Tiffany is very frustrated by not being able to get pregnant. After charting her cycles for several months, and understanding what it all means, she realized that the time between ovulation and the start of her menstrual cycle was abnormally short. She found out this situation is called a luteal phase defect. She did not like thinking of herself as having a “defect”, and set out to learn more.
The luteal phase of your menstrual cycle is from ovulation to menstruation. This phase should last 12-16 days. If it is shorter than this, it is known as a luteal phase defect (LPD). Having a short luteal phase (less than 12 days), can affect your fertility.
To better understand what this means, you need to know what a normal menstrual cycle is like.
Normal Menstrual cycle
- Follicular Phase
- Luteal Phase
A normal menstrual cycle lasts from 26-35 days.
The follicular phase begins on the first day of the menstrual cycle, the day you begin bleeding. This phase lasts from 12-21 days. Rising levels of follicle stimulating hormone (FSH) and luteinizing hormone (LH) stimulate the growth of several ovarian follicles, and one becomes dominant. During the follicular phase, estrogen is the main hormone.
At ovulation, LH levels rise (LH surge), causing the mature follicle to release the egg. Just before and during ovulation is when you are fertile and can conceive.
The third phase is the luteal phase. This phase lasts 12-16 days, usually 14. The follicle becomes the corpus luteum, and progesterone becomes the dominant hormone. This higher level of progesterone is what raises your basal body temperature. The uterine lining changes in preparation for the potential implantation of an embryo if fertilization has occured.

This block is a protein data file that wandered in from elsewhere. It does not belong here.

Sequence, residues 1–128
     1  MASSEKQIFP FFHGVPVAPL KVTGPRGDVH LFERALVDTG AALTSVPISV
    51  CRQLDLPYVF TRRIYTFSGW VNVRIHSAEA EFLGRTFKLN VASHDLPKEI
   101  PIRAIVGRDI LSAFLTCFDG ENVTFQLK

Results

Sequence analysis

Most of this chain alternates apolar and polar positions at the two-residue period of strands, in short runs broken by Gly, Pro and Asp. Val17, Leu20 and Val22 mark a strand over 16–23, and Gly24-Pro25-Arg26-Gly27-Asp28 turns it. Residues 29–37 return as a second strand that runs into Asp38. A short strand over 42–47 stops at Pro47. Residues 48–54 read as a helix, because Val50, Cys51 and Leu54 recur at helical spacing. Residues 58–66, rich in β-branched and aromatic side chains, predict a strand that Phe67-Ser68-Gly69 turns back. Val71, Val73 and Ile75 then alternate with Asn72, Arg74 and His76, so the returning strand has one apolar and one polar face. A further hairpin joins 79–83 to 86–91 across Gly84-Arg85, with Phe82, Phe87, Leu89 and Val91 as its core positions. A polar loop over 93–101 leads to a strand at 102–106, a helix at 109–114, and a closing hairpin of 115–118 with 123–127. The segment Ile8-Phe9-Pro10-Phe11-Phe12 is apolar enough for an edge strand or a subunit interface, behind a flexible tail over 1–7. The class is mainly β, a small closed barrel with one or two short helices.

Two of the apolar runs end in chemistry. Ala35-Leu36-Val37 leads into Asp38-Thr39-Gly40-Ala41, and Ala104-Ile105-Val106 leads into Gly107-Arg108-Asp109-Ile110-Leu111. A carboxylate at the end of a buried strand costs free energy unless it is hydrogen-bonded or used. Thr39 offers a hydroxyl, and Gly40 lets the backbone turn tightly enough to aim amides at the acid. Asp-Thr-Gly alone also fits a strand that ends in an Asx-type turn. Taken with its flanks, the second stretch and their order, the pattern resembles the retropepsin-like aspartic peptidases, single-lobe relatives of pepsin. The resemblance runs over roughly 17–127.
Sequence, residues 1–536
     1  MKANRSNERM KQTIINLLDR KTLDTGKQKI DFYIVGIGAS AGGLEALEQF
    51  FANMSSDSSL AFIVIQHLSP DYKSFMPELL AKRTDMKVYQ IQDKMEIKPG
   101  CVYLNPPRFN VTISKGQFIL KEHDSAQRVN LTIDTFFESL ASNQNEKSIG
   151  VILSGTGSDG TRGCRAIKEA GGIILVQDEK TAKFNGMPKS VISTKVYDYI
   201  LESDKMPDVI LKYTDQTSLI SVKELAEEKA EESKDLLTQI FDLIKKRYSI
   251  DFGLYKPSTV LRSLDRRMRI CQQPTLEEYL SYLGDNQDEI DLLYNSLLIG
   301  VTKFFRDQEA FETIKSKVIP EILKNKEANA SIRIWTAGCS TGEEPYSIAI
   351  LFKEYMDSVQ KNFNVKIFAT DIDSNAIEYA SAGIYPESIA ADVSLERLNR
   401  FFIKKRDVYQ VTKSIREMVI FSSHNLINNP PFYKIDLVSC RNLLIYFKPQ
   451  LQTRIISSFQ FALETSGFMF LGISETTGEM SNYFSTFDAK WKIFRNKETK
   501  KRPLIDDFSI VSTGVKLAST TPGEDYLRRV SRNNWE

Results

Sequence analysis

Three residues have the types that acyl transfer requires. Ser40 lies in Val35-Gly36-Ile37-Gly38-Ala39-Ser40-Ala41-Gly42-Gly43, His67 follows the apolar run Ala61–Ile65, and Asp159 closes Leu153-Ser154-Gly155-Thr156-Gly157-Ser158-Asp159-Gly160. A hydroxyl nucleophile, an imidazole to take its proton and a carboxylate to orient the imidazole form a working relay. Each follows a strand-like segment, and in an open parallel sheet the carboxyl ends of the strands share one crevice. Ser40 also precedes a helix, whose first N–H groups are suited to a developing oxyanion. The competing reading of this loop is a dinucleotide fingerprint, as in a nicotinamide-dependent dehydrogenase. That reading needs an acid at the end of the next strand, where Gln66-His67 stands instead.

If fertilization and implantation do occur, the corpus luteum continues to produce progesterone and estrogen. This is necessary to maintain pregnancy.
What If My Luteal Phase Is Short?
There are 4 ways your normal menstrual cycle can be disrupted and cause a luteal phase defect. The result can be infertility or miscarriage.
- Inadequate follicle development
- Premature failure of the corpus luteum
- Poor uterine lining
- High estrogen
Poor follicle development begins in the follicular phase of your cycle. You may not produce enough FSH, or your ovaries do not respond to it. The ovarian follicle does not develop adequately, and then cannot produce enough progesterone. This causes the uterine lining to not develop enough to be prepared for the implantation of a fertilized embryo.
Premature failure of the corpus luteum may occur even when the follicle was adequate. The corpus luteum does not last, and thus not enough progesterone is produced. This leads to earlier onset of menstruation, and a shorter luteal phase.
Failure of the uterine lining to develop normally can occur even in the presence of a normal follicle and corpus luteum. The uterine lining does not respond to normal levels of progesterone. The lining is not adequate for implantation of the embryo.
High estrogen levels can cause a relative deficiency of progesterone, even though levels of progesterone may actually be normal.
What can you do to understand if you have a short luteal phase?
- Chart your cycle
- Calculate your luteal phase
Chart your cycle. The best way to understand your menstrual cycle is to create your very own ovulation calendar. See the article: “What 10 Things Should I Put on My Ovulation Calendar“. This calendar is the summary of all things related to your menstrual cycle. You want to know what a normal cycle is like, and then to know your own cycles and how they compare to that.
For more information on how to determine the length of your luteal phase, read the article: “How Do I Figure My Luteal Phase for an Ovulation Calculator“. Again, it is simply the number of days between when you ovulate and when you begin bleeding. The trick is to know when you ovulate. This is something you want to learn anyway, as the time just before and during ovulation is when you can get pregnant.
To Your Vibrant Health!
Veronica Tilden, DO